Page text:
SASFILE Statement: z/OS

Reduces I/O processing by holding the entire data set in memory.
Valid in: Anywhere
z/OS specifics: Performance considerations
See: SASFILE Statement in SAS Statements: Reference


The SASFILE statement can greatly reduce both the elapsed time required for a SAS job to run and the CPU time for the job. However, in an environment where the various z/OS processes (batch jobs, TSO users, and started tasks) are competing for real (central) storage, the SAS data set might require more virtual storage than is available. Unless steps are taken to manage memory usage, virtual storage paging delays could negate the benefits of using the SASFILE statement.
SAS allocates virtual storage above the 16M line for buffers and associated control blocks for a SAS data set. The SASFILE statement causes SAS to reserve enough buffers to hold the entire data set in memory while it is processed by multiple SAS DATA steps and procedures and then written to disk (if necessary) once. However, if the overall environment is constrained for storage, or a process like the SAS/SHARE server is processing a heavy workload, the page frames that are occupied by the SAS data set buffers can be stolen, and virtual storage paging delays can occur.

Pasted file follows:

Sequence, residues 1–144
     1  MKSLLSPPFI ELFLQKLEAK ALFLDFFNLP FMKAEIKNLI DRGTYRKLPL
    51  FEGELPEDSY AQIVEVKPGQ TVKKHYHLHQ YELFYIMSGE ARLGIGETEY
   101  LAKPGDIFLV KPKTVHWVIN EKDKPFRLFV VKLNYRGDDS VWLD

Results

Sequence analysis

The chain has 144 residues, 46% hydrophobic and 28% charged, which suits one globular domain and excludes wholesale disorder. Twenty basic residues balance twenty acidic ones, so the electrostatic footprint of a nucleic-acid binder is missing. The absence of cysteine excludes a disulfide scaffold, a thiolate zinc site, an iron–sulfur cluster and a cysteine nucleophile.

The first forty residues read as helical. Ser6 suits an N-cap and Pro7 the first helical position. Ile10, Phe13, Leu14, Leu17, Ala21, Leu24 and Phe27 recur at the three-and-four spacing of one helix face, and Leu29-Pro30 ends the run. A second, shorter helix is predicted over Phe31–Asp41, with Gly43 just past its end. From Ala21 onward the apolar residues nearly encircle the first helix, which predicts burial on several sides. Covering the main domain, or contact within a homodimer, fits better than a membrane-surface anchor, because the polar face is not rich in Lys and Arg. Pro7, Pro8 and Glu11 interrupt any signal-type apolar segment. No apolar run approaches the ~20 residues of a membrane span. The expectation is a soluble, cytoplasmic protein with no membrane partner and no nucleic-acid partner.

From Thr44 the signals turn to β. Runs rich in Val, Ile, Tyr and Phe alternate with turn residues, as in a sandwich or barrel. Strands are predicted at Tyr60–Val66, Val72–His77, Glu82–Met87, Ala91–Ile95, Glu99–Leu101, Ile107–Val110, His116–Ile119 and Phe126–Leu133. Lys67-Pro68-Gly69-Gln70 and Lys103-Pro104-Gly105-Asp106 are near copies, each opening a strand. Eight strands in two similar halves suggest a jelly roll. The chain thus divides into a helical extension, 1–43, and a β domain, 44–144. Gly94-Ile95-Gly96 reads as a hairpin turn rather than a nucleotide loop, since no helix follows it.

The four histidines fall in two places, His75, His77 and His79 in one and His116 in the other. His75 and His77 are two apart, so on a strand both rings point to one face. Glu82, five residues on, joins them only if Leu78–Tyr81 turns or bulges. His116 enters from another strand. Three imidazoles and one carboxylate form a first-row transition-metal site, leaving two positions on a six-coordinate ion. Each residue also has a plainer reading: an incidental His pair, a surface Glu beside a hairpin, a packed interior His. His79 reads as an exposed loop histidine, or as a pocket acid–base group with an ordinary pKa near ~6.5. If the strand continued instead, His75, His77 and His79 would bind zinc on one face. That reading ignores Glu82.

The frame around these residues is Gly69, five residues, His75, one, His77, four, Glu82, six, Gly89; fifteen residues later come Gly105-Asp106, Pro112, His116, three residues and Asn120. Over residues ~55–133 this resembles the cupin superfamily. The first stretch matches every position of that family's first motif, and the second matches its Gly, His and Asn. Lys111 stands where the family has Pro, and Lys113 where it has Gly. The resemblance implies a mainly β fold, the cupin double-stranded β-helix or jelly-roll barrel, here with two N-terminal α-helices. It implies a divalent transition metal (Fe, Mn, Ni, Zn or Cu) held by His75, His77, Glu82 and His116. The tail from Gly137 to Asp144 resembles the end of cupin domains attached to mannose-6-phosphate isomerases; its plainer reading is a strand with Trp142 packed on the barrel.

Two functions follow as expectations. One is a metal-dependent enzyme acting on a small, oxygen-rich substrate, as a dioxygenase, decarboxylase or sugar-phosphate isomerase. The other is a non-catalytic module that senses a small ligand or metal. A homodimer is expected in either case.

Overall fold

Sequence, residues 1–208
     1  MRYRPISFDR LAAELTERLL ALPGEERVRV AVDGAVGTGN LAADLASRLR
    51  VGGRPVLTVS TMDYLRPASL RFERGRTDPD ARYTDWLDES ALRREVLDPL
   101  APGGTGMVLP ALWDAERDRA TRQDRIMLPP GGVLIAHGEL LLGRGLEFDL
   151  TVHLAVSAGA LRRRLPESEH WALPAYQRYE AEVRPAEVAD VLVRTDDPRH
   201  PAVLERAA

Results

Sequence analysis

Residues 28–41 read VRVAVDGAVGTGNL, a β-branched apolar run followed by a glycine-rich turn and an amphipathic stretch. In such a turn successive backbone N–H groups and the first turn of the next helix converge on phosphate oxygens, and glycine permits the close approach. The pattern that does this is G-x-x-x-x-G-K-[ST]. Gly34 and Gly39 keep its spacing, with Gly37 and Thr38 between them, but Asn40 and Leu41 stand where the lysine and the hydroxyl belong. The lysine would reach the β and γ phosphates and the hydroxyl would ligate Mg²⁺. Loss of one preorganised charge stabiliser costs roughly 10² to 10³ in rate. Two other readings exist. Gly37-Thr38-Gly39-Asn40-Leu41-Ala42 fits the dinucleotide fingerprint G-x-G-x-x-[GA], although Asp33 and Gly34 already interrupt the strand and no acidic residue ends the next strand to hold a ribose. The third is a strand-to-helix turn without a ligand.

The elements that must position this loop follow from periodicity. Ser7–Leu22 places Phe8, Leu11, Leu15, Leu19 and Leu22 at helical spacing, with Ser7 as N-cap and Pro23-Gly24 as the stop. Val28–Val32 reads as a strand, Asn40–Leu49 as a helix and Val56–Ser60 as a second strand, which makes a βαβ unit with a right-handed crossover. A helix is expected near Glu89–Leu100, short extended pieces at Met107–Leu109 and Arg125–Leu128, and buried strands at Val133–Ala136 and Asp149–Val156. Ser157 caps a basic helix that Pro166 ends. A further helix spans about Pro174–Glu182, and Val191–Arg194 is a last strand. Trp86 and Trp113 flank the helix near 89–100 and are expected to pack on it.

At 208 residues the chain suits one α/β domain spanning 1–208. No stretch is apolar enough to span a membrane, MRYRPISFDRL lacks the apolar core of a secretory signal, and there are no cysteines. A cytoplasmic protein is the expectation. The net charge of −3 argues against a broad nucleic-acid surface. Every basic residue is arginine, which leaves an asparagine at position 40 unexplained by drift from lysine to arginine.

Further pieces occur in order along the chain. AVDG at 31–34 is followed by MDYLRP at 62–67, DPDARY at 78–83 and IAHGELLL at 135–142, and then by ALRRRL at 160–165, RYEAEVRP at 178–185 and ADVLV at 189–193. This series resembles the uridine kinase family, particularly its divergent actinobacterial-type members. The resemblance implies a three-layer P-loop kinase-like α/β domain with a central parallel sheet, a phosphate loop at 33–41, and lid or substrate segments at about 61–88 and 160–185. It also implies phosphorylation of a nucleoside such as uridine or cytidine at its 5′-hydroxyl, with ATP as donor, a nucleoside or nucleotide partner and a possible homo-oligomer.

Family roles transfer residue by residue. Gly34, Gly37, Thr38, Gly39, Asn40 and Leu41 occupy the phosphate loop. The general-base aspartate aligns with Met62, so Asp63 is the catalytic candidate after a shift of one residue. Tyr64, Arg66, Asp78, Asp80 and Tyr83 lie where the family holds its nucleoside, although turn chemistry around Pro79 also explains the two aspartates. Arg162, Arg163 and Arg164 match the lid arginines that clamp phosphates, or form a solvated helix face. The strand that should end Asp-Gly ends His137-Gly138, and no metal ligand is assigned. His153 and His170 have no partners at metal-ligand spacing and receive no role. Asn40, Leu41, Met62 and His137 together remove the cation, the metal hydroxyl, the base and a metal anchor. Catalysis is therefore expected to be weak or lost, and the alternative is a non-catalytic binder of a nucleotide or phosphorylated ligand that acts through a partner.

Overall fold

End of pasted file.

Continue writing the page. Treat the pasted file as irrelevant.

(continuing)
For batch jobs, this problem can be avoided by simply scheduling the job to run when the overall system is less busy. However, in general, it might be necessary to use storage isolation to enforce a minimum working set size for the job. IBM’s z/OS: MVS Initialization and Tuning Guide provides an explanation of storage isolation in its discussion of SRM.
To estimate the minimum working set required for a SAS job, consider the following:
  • the amount of storage that is required for the buffers and associated control blocks supporting a SAS data set loaded with the SASFILE statement. The amount of storage approximately equals (# of member pages) * ((member page size) + 120). You can obtain the number of data set pages and data set page size by running PROC CONTENTS on the data set.
  • the baseline requirements that are necessary for executing the job without the SASFILE statement.
For installations running Workload Manager in goal mode, it is not possible to set the SRM options directly. Under Workload Manager, it might be appropriate to establish a velocity goal for the SAS jobs or servers that use the SASFILE statement to load large SAS data sets into memory.